Hannibal: One Man Against Rome
by Harold Lamb
Published in 1958
Thibault’s Score: 3/5
This history of Hannibal is beautifully written but lacks any sources whatsoever. Like many purely narrative histories, there is no discussion of sources whatsoever, and thus takes many historical ambiguities as fact.
The writing was fairly clear, and highly descriptive, and I liked the slightly “Gibbon-esque” vibes that the author is trying to capture. I thought, however, that the author didn’t give enough historical context to properly explain what was happening. What is a Ligurian? Why did they come out of nowhere? What do historians know about them?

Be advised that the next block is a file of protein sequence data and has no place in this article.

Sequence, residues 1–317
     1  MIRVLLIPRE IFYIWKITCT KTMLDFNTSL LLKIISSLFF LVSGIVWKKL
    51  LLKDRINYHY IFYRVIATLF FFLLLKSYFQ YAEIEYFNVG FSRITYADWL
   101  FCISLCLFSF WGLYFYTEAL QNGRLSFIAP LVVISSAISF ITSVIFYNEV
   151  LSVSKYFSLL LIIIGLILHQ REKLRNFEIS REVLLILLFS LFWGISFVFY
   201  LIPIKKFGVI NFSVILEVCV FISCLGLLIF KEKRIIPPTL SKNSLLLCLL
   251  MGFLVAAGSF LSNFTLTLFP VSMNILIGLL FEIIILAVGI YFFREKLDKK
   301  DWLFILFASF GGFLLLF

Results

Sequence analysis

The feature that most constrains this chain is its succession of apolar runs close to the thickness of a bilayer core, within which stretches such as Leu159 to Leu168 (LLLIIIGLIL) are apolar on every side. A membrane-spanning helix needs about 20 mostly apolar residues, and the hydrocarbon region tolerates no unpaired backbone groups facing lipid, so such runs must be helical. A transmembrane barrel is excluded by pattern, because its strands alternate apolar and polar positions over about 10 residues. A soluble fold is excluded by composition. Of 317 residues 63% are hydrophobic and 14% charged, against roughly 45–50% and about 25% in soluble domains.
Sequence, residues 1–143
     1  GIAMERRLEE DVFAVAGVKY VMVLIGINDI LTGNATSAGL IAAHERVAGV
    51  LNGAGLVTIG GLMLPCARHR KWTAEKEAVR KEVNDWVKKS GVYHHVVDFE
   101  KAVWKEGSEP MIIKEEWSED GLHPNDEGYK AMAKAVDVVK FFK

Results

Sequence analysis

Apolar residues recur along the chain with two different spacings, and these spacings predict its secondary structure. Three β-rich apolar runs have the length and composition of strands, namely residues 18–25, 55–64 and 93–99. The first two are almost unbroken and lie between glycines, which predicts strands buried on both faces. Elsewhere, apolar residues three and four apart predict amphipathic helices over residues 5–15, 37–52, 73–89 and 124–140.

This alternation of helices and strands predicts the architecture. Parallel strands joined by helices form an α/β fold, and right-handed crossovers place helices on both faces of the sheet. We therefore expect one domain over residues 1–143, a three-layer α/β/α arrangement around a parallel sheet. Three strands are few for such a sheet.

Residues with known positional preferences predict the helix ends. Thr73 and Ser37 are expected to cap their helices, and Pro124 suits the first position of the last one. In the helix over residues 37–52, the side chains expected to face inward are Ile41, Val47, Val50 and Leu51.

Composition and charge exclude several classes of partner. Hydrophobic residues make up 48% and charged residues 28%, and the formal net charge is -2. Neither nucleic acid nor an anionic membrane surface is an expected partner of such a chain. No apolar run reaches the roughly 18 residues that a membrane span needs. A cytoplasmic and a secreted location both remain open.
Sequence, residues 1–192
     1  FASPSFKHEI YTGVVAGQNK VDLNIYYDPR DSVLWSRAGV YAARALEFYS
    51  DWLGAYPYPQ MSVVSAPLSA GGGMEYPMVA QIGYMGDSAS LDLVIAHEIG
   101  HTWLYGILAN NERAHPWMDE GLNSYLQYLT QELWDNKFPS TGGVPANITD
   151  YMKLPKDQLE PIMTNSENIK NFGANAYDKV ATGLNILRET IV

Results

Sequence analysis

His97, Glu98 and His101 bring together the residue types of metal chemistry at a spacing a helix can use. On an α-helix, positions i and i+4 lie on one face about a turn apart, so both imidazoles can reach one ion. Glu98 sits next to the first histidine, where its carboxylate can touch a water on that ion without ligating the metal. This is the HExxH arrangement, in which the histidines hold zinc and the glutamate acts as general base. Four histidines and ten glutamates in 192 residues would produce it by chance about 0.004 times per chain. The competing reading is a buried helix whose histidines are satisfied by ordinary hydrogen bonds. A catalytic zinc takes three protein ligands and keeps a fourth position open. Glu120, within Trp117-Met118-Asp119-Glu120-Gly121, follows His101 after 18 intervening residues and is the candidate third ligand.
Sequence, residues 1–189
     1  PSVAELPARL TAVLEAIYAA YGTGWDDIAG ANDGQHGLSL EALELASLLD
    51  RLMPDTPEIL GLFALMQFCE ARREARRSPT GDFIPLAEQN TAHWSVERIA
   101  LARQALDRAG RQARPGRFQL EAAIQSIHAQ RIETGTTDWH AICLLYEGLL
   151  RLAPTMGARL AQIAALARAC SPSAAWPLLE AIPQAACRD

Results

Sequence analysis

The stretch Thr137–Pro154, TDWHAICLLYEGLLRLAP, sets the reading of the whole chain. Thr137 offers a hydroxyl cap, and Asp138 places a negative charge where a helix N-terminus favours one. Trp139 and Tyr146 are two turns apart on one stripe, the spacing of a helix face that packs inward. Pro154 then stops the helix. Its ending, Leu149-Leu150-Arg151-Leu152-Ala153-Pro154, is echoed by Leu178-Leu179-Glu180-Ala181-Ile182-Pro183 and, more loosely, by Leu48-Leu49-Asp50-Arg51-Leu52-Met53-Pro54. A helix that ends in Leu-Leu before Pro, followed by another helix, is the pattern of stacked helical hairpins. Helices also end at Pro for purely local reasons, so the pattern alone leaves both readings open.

This is fairly problematic with many older histories, and it is inexcusable for histories written in the latter half of the 20th century. Although this book was by no means a bad book, and was well written, I don’t recommend this book.
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